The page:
Monday, November 7, 2016

Tales of a Fifth-Grade Knight by Douglas Gibson, 2015

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One day, Isaac Thompson is just your average fifth grader playing the part of a porcupine in the school play. The next, he has strayed into a mysterious subterranean realm that has been lurking beneath his school Castle Elementary and launches his quest to knighthood. When Isaac's little sister Lily goes missing from their school's creepy basement, he and his best friends Max and Emma set out in search of her. Their search takes them to the Underground, where they encounter an army of spear-wielding rats, a talking human-sized bat, and a thumb-nosed prison guard. But humans who stay in the Underground too long transform into weird, unpleasant creatures and are forced to work for the horrible Elf King. Can Isaac and his crew escape the Underground before it's too late for them to ever return home?
(160 pages)

Wow. This was such a fun book. It kind of reminded me of a Rick Riordan novel, in the way that it takes everyday kids and puts them into crazy scenarios. It's also like Suzanne Collins's Gregor the Overlander books, with its fantastical underground world and societal flaws.

What I really appreciate about Tales of a Fifth-Grade Knight is that, despite being part of a genre known for its repackaging of tired old adventure formulas (and despite threatening to follow those cliches during the first few chapters), it not only manages to create an original and interesting world but it also poses some thought-provoking moral questions along the way. The characters make a series of increasingly dark discoveries as the book goes along, exposing the dark side of what seemed at first like such an exciting and ideal kingdom. I don't want to go too much into exactly what those discoveries are, because the book is short enough that I'd be spoiling quite a large percentage of it for you, but suffice it to say that I really enjoyed being taken along for the ride.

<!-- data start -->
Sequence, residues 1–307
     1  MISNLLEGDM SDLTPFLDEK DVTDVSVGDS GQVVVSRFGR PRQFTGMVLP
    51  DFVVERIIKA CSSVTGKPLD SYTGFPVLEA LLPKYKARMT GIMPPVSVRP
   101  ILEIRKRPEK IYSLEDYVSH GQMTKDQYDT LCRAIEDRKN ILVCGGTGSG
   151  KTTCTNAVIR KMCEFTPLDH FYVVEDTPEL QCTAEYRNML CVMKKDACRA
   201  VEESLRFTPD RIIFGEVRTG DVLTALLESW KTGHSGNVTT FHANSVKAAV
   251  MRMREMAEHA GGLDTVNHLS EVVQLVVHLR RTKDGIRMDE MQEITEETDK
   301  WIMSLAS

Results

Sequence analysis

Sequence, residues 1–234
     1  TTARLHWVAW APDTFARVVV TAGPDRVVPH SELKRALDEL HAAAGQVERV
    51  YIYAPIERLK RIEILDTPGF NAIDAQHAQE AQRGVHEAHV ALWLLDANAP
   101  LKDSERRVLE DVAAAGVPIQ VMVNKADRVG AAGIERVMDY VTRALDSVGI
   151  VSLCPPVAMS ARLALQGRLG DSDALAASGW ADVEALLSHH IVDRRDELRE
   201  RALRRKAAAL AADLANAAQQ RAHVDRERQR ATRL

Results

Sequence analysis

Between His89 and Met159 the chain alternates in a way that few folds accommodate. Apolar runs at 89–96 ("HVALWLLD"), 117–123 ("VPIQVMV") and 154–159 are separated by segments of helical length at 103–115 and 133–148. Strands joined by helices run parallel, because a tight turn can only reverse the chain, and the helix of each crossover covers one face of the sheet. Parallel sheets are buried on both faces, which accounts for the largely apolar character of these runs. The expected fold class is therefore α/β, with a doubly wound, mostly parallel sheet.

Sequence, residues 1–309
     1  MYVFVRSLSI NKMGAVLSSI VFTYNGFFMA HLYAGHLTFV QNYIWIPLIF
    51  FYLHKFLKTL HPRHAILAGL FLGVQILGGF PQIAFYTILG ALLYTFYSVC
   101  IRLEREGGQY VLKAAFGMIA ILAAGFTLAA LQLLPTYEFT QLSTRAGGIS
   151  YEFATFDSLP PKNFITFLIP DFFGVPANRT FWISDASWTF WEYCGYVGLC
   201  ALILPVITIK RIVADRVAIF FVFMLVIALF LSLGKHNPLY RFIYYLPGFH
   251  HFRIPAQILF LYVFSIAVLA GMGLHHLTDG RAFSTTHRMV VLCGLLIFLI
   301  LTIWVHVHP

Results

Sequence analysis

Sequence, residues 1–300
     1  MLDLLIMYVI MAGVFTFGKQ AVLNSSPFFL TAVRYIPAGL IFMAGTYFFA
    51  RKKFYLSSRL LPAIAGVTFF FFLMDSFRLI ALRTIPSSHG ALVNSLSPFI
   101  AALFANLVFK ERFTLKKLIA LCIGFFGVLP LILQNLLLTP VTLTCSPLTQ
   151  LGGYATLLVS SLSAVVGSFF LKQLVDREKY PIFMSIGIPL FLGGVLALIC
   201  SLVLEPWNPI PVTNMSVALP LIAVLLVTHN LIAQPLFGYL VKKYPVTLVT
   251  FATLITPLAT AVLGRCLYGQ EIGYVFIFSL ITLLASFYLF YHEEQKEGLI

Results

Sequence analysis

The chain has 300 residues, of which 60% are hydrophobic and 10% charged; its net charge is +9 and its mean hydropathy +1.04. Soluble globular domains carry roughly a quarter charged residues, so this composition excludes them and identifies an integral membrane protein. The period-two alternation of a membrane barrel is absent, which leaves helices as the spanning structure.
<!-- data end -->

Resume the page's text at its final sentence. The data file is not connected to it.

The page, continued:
Okay, though, now all of you who actually have middle schoolers are thinking that Tales of a Fifth-Grade Knight is going to be too dark for your kids. I can't speak for every reader out there, but one of the things that actually impressed me with Tales of a Fifth-Grade Knight was that the author managed to pack some thought-provoking scenarios into it while still keeping the story extremely PG. The actual violence is very minimal, and the sense of danger as the kids hunt for Lily is present but never overwhelming. Tales is definitely much less violent than the Gregor the Overlander books I mentioned earlier (and less violent than some of Rick Riordan's books too, now that I think about it). I don't read a huge amount of books in this genre, so I can't tell you how it stacks up among its peers, but I at least enjoyed it. As soon as I hit "publish" on this review I'm passing it on to the best judge of all: my ten-year-old brother, a member of its actual target audience. If his opinion of the book is radically different from my own, then I'll come back here later and add his thoughts to this review.

When's the last time you read a middle-grade fantasy novel? I hadn't read one in ages, and I think I'm getting hooked again. I don't know what to read next, though–comment below with your favorites so I can check them out!

Disclaimer: I received a complimentary copy of this novel from the author in exchange for my honest review.

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